Welcome back to On View, a feature exploring current visual arts offerings in our area.
There’s nothing like seeing art in the flesh. It can stir the senses, feed the mind and heal the soul. And with more people vaccinated, it’s a wonderful time to go see art in person. Here are a few visit-worthy exhibitions, chosen because they’ve got great art, yes, but also because they remind us how brick-and-mortar art spaces can play a role in sustaining communities, reflecting identities and expanding our understanding of history.
“Black Refractions: Highlights from The Studio Museum in Harlem”
“Black Refractions” at Seattle’s Frye Art Museum is the must-see show right now. Not only does it gather prime works of art by some really big names (Faith Ringgold, Mickalene Thomas, Kehinde Wiley and many more), it tells important stories. More than 100 works by almost 80 artists — all selected from the collection of The Studio Museum in Harlem — tell us about art history, Black history and how a museum can help build community.
You can simply move from work to work, marveling at the variety of media and messages. There are 1960s/’70s abstract paintings by key artists such as Norman Lewis and Alma Thomas; 1980s/’90s conceptual photography from Lorna Simpson and Carrie Mae Weems; and more recent work in a wide array of media including a big, welcoming neon sign by the acclaimed artist Glenn Ligon.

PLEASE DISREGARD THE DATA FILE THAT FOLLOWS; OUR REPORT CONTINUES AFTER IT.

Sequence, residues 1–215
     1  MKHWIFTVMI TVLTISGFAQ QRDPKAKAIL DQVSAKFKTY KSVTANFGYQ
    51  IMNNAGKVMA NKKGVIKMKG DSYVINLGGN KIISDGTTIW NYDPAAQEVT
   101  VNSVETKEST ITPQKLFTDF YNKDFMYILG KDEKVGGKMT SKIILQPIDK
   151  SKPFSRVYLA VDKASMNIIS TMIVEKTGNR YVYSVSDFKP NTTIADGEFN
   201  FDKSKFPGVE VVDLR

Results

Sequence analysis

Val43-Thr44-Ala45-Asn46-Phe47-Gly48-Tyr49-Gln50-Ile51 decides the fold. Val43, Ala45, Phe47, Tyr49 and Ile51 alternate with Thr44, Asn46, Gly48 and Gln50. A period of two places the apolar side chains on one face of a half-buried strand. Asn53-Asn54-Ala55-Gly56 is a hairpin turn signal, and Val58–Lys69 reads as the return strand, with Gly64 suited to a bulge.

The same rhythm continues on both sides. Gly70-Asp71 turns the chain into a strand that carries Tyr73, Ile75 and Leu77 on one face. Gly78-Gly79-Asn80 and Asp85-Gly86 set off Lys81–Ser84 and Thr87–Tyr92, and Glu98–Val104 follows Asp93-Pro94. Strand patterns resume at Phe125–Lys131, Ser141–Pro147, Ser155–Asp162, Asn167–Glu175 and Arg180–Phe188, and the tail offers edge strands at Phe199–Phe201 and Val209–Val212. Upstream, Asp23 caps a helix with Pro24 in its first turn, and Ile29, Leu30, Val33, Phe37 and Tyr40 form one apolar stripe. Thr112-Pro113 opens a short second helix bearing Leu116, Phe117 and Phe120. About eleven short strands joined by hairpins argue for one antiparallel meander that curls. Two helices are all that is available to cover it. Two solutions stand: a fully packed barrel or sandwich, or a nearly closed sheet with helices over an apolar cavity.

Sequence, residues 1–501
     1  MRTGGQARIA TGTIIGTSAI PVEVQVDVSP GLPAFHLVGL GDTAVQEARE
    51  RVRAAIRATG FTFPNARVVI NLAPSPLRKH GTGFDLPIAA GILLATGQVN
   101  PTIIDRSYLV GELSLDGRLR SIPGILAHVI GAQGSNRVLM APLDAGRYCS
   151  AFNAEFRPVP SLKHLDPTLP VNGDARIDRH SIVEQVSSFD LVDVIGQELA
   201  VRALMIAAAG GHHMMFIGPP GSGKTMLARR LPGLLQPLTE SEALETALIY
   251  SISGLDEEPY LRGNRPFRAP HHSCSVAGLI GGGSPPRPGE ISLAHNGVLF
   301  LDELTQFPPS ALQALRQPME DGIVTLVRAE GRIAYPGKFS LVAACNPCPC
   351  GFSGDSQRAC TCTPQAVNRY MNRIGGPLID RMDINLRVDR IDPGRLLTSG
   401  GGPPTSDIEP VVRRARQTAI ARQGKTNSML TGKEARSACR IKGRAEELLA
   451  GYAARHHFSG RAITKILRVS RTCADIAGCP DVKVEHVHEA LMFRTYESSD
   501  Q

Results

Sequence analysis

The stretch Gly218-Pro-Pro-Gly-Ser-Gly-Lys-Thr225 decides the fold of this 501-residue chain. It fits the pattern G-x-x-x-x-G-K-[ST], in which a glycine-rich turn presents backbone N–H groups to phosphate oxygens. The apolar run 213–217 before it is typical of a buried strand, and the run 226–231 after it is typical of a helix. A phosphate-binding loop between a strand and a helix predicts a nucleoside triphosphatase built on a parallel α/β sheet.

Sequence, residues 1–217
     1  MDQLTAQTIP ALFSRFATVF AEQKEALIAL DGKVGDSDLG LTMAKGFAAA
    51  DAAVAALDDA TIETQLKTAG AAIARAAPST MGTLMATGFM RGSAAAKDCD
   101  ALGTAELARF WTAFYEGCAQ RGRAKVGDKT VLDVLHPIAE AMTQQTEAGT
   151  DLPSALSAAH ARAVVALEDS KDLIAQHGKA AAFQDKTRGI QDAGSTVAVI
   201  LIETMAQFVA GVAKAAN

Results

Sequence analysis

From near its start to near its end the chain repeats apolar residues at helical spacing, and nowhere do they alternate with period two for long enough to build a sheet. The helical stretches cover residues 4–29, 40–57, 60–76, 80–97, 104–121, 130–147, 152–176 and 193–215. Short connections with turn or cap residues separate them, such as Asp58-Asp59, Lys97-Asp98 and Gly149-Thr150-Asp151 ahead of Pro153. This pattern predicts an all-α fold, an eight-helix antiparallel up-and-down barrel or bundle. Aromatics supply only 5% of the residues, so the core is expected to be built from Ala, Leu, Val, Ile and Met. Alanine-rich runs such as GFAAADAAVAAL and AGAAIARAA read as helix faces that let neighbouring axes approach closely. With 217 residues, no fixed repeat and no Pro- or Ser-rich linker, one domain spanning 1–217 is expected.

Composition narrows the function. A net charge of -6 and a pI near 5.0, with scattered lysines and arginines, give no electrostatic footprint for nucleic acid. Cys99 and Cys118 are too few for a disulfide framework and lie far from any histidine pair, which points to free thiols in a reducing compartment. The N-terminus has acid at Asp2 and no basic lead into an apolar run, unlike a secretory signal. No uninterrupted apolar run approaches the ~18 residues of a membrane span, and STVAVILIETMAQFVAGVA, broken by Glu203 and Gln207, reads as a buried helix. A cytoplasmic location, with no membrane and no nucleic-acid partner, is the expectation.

You can also consider the nuanced curatorial groupings of works that reveal themes and stories, including the history of The Studio Museum itself, which was founded in 1968 by a diverse group of artists and activists who recognized the need to support artists of African descent. From the get-go, the museum offered a groundbreaking artist-in-residence program, providing working space (hence the “Studio” in the museum’s name) for artists including sculptor Chakaia Booker; mixed-media conceptual artist David Hammons; esteemed painters Jordan Casteel and Kerry James Marshall; and the ever-intriguing Wangechi Mutu, who works in painting, sculpture, film and performance.
The place and time for the founding of the museum were highly significant: Harlem has a long history in Black culture and 1968 was fraught with political and social trauma and activism, including the assassination of the Rev. Dr. Martin Luther King Jr. and the rise of the Black Power and Black Arts movements.